Of these four men, allow me to ask one simple question of you, the reader. Which guy is the babyface of this quartet? Have your say in the comments, or tweet me @JMartOutkick. You can make a viable argument, literally, for any of them. And that’s the point.

WWE may not have intentionally done this, but they’ve formulated and executed a philosophy when it comes to their A-level giants. When it comes to the behemoths, the monsters, provided they’re in the main event, they can just... shit.

For example:

Roman Reigns can back an ambulance into a solid structure.

Braun Strowman can overturn an ambulance with another man inside.

Brock Lesnar can cuss, hurt people, and make them bleed.

Samoa Joe can attack a defenseless manager, both on television and even before the bell rings in a match. And he can choke people out.

Any of these men can play babyface or heel on a given night. Any of them can be likable, and any of them can be a complete jerk. They can hurt people, they can spit at each other, they can bully smaller guys, they can thumb their nose at the fans, among other possibilities.

When Conor McGregor fought Nate Diaz, some people liked Conor and others liked Nate, while others just watched with interest. It wasn’t that one guy was necessarily a hero and the other a villain. These were two complex individuals acting in the moment, rather than based on a predetermined scale of “like me” or “hate me.” At times, both built houses on each side.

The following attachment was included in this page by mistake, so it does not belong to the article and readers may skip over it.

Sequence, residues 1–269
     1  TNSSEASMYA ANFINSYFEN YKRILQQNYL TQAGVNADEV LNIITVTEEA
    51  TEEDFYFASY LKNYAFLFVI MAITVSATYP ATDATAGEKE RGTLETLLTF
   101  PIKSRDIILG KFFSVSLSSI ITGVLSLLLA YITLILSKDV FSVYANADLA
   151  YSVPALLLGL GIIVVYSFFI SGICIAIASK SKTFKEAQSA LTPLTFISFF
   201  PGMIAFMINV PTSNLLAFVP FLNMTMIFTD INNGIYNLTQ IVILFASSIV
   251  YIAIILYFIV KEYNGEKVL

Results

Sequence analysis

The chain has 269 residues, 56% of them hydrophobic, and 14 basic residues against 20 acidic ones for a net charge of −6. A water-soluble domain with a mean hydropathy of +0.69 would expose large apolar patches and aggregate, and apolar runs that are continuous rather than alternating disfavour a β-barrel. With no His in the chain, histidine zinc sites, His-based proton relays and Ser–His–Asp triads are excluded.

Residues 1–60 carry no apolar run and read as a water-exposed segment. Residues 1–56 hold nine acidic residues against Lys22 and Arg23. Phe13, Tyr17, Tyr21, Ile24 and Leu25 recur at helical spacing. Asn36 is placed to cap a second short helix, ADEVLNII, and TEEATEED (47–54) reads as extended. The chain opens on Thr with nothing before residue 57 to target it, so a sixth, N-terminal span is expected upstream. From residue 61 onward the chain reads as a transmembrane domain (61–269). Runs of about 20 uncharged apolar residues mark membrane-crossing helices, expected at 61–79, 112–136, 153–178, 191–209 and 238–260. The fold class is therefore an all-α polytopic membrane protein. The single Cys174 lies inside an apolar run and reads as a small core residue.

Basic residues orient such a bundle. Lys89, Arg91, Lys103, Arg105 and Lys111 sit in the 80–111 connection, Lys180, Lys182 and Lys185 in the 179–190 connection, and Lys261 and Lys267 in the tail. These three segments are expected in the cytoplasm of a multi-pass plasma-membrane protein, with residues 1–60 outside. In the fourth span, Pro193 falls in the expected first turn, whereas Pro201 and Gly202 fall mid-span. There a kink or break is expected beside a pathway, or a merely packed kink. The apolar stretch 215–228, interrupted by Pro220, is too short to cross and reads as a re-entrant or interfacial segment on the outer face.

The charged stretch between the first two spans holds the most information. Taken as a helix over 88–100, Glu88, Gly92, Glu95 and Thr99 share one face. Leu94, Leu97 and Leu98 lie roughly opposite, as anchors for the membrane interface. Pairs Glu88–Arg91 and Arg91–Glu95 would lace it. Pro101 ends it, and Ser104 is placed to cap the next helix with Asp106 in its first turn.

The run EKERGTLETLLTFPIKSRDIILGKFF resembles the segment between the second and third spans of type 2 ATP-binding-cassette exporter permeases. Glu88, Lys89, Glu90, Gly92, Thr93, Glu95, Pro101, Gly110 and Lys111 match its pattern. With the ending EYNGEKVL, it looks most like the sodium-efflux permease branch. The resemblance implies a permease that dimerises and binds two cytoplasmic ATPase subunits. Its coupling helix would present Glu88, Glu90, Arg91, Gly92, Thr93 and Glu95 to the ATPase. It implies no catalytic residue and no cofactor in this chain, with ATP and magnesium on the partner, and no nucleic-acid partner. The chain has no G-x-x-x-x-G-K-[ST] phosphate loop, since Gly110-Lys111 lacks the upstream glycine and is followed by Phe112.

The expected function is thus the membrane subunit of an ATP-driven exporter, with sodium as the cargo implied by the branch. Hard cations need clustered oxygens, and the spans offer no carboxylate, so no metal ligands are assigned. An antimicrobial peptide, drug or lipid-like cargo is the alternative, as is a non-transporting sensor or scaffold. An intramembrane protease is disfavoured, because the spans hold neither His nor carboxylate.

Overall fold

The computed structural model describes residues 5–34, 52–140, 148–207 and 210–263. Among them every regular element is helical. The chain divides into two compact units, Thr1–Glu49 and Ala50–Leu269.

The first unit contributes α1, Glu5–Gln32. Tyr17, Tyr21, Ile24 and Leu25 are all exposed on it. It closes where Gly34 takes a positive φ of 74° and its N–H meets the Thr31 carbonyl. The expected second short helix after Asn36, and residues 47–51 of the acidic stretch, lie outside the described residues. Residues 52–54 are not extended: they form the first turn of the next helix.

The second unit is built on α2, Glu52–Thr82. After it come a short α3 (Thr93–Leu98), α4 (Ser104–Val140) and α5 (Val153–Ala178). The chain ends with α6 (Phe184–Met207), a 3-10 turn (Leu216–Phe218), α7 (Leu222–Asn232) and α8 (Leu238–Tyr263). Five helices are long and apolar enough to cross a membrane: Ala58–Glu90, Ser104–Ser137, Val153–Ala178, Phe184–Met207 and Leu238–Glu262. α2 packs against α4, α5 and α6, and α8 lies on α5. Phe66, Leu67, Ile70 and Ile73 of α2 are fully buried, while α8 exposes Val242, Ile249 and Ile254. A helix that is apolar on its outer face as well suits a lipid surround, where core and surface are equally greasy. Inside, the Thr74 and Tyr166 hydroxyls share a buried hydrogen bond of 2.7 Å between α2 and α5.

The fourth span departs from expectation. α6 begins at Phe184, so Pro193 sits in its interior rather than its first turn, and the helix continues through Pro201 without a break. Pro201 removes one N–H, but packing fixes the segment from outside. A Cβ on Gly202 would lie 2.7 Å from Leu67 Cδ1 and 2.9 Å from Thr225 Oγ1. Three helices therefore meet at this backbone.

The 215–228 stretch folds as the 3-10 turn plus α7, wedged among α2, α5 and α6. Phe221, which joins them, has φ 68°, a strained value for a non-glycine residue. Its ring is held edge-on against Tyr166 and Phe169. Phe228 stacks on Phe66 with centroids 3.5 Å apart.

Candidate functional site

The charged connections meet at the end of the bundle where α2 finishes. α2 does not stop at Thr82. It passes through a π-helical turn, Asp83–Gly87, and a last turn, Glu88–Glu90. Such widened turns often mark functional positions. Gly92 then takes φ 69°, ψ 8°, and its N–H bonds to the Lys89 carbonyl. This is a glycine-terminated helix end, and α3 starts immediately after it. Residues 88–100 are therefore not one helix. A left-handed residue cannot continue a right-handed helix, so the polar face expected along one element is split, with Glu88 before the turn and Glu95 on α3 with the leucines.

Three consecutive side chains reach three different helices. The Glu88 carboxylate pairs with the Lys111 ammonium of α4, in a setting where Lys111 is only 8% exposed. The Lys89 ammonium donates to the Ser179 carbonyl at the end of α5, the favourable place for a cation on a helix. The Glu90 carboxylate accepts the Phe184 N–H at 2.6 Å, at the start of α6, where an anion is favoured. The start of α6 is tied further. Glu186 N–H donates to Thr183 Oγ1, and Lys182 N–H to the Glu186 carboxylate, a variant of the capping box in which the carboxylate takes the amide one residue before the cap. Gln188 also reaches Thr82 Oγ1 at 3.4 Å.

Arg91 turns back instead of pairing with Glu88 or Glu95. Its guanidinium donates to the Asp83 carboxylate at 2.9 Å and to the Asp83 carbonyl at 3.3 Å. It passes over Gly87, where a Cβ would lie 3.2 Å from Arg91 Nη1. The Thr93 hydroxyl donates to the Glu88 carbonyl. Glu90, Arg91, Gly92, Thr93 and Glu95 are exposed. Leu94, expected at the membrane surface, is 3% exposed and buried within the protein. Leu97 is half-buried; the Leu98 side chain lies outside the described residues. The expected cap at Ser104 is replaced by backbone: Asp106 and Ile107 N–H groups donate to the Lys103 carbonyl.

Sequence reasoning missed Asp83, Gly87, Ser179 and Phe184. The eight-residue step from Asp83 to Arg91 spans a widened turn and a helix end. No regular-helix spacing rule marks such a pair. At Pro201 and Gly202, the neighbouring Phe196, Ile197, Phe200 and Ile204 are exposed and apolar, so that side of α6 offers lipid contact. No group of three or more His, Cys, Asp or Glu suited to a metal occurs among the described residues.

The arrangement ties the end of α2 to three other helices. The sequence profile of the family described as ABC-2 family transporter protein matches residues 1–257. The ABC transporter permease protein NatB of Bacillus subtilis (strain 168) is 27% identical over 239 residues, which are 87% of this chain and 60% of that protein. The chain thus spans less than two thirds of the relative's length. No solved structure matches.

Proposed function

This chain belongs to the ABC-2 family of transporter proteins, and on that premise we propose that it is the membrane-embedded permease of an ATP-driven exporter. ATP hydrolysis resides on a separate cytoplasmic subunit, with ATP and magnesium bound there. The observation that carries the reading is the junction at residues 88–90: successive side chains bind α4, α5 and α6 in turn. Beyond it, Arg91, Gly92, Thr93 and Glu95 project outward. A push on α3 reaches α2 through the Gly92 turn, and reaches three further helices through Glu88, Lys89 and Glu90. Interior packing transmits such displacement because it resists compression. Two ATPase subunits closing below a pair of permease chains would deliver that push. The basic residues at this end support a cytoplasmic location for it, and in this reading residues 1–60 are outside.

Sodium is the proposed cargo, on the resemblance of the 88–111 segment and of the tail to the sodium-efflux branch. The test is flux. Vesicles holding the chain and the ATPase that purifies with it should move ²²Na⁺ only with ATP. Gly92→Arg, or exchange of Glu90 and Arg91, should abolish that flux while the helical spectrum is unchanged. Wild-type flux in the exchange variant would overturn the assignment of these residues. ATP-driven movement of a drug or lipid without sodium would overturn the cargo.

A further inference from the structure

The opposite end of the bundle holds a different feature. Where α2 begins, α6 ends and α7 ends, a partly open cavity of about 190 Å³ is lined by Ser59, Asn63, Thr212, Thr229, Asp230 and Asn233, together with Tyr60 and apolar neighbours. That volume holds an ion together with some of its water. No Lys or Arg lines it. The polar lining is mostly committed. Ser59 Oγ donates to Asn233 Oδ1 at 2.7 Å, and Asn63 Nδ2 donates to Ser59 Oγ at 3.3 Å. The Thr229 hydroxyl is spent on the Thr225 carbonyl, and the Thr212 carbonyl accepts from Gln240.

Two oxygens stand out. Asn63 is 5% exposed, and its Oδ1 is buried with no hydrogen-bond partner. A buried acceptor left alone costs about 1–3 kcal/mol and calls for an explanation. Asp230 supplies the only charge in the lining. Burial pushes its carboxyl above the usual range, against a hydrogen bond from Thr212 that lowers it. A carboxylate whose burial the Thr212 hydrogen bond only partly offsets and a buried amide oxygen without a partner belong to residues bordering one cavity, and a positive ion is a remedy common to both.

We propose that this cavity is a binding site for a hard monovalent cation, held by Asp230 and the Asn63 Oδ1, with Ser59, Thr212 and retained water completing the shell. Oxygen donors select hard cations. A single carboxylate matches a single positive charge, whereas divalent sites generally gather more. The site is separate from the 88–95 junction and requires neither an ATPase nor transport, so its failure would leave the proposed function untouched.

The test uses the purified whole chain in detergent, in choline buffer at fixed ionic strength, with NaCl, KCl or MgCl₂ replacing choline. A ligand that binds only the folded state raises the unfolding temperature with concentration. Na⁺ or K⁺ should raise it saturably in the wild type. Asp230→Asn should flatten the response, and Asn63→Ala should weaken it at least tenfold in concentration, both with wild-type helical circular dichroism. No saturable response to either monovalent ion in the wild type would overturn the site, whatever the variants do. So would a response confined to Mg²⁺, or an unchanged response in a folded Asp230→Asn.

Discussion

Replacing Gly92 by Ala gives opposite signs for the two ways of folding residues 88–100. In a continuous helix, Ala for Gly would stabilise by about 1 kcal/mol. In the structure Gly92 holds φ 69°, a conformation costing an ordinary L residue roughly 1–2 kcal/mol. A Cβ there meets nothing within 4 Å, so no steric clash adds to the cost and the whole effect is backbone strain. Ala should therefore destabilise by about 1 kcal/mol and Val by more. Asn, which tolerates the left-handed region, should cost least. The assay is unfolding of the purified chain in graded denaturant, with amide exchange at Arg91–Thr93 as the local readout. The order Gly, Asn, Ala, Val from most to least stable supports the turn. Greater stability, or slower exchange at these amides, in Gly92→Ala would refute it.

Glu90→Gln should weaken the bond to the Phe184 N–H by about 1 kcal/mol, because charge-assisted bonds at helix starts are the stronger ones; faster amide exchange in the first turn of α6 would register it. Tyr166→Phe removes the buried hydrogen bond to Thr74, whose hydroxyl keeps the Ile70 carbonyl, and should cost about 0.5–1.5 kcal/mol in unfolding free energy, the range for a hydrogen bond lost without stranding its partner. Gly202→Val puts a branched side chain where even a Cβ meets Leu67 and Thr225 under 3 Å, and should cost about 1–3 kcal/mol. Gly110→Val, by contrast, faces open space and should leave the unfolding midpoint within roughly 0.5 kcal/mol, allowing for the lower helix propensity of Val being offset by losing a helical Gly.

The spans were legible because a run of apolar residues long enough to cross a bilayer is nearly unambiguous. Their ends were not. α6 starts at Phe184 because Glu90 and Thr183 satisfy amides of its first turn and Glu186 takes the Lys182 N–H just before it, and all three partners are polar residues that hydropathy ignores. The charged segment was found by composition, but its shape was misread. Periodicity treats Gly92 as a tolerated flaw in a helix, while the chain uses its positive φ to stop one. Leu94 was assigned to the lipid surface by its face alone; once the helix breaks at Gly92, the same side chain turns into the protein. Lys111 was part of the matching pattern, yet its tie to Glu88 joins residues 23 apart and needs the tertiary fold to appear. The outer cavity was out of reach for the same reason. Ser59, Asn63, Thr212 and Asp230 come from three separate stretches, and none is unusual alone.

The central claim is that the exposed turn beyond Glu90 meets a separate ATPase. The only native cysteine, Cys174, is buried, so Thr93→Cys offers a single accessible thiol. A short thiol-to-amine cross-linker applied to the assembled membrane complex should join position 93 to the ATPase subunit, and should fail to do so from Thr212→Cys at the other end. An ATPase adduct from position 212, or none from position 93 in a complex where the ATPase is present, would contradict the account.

We must stop thinking of Brock, Braun, Roman, and Joe in terms of babyface and heel, protagonist and antagonist, because WWE is repeatedly telling us THEY don’t view them in one classification for longer than a week at a time. None of them plays to the fans virtually at all, with Roman the only one that even acknowledges the audience’s existence. Whether it’s a good thing or not, I can’t answer, although I’m enjoying the work and spectacle of each guy, and I like feeling off guard about where their allegiances might lie.

There’s one problem, however, with this strategy for WWE. For this to work, and feel as fresh and unique as it could, the rest of the company needs to be on the extremes. That’s simply not the case. How many truly likable babyfaces does WWE have? How many hatable heels? The answer in both cases is a small number. That must change, and unfortunately, I don’t foresee it being the norm going forward.

Vince, if you want to make your top monsters all just some version of “Select Your Beast,” you have got to give the viewer something to cheer for and something to reject. With very few exceptions, you’ve failed in that responsibility. I think the idea that the main event terrors and juggernauts are all off the beaten path is potentially wonderful, but that means everyone else needs to be on the main road.

Right now, they aren’t, and that’s why WWE feels so consistently disjointed and uneven.